As a fifth generation polo player and polo pony trainer, would you like your children to follow in your footsteps? Have they shown an interest in the sport and/or your ponies?
There is zero pressure for either of my daughters to follow in my footsteps. Although it would be a lot of fun if they did wish to follow in my footsteps. They have both shown interest in horses from a young age but we will see how that goes.
What advice would you give to someone who wants to get involved in the sport of polo, either as a player or a spectator?
My advice would be, don’t hesitate. Don’t hesitate to ever go to watch a polo game, or walk up to a polo player to chat to them or be a part of the polo commuinity. I always think you never know unless you try. With there being so many opportunities to be a part of a polo school and the ever growing polo communities I would always encourage people to get involved. The lifestyle polo playing brings is incredible, good weather, social aspects and being a part of the team and a big family and friendly environment are some of the highlights I would say.
How has technology and innovation impacted the sport of polo?
I would say the biggest factor that technology and innovation has had on the sport is how much it has been televised and how that has improved over the years. It’s given people more access to the sport, to watch it, to learn it and also elevate the level of polo and the teams that currently exist. That’s been the biggest thing in terms of the actual sport itself; there are a few technicalities which have changed over the years. Such as the helmets, this is a huge factor that’s changed and definitely for the better. The helmets have become much safer for riders and are still continuing to improve.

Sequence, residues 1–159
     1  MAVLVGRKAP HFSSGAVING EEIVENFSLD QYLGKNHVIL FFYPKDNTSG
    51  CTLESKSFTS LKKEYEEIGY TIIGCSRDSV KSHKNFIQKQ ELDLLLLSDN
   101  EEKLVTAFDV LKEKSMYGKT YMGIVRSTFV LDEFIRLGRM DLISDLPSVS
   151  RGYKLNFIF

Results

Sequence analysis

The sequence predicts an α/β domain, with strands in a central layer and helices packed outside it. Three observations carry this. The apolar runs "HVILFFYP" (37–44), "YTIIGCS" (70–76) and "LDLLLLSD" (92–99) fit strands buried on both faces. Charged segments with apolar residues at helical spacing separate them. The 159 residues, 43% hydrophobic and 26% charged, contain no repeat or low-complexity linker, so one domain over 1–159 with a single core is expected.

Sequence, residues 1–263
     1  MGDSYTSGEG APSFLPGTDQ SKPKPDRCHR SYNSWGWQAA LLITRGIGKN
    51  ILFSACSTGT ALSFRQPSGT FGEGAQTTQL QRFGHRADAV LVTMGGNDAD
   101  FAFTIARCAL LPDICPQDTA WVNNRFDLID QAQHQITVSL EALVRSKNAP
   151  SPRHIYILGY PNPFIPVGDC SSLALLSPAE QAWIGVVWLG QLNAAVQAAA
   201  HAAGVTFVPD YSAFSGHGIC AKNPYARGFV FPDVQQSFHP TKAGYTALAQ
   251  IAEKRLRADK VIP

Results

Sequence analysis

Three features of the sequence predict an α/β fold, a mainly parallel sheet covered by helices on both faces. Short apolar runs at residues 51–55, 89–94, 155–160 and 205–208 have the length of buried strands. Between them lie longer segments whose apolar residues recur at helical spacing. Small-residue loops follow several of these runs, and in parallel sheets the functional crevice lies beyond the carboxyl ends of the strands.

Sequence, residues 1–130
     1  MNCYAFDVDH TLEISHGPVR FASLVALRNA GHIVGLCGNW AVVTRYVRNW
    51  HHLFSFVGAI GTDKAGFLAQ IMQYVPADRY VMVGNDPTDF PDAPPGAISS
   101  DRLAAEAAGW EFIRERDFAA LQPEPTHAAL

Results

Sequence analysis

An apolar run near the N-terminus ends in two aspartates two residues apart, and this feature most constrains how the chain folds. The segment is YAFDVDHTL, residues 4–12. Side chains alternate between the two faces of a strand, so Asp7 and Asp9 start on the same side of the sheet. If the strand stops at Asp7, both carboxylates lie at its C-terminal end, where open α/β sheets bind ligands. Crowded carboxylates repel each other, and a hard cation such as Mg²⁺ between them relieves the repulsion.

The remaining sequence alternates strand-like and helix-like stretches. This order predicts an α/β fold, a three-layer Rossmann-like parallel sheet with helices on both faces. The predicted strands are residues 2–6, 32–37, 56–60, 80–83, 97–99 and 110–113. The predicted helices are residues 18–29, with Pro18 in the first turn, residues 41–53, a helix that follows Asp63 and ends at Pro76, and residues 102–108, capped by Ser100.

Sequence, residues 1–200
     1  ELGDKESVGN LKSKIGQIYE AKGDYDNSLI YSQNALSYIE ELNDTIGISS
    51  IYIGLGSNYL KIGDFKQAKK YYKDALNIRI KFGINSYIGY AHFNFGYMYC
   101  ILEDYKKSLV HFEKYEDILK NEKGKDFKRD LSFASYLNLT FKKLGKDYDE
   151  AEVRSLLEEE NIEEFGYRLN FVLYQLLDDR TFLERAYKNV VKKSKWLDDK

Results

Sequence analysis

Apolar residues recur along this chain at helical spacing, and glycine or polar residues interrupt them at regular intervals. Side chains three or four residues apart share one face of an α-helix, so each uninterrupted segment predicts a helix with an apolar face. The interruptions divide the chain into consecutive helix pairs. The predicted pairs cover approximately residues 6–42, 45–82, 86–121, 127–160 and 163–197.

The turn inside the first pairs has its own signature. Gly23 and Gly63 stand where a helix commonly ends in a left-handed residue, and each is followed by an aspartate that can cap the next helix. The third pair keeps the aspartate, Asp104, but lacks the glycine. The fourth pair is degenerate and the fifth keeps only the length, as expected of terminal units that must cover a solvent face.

Those would be the main two things but at the end of the day the sport is played on a grass field, with horses, and 8 people. I wouldn’t say technology or engineering has improved those things, it’s more just the sport has evolved and improved through human skill, fitness of the horses, and players being better prepared.
What are some of the biggest challenges facing the polo industry today, and how do you think they can be addressed?
I think the number one biggest challenge facing the polo industry today would be the access to the sport. The cost of living and upkeep of horses is becoming a huge issue in the industry. Playing at a low level the cost is more affordable, but as soon as you get to the higher levels the costs increase considerably. Keeping horses is expensive so as an industry we need to think of ways of how we manage that and how we can give more people access to this and being a part of the industry.
However, there are many opportunities to still be a part of the industry, whether that’s through career opportunities, whether that’s working on the admin side or looking after the horses, training horses, players personal fitness trainers – there are many different ways for people to be involved.
What sport do you think you would be passionate about if you hadn’t chosen polo?
Well I was and still am passionate about rugby, I thought about becoming a professional player at one point, other than that it would be horse racing.
What charities are dear to your heart?
A particular charity that is close to my heart is the men’s mental health charity, James’ Place, and then any environmental charity I would always look to support and have a strong interest in being part of their movement.
Chestertons Polo in the Park is back and kicking off London’s social calendar at Hurlingham Park, Fulham. The world’s largest three-day polo festival will be returning from Friday 9th – Sunday 11th June. The three day international polo event will feature teams from across the globe, an impressive food market with an array of new food and drink partners, VIP hospitality and fun for all the family on Sunday.
To book tickets and find out more information please visit www.polointheparklondon.com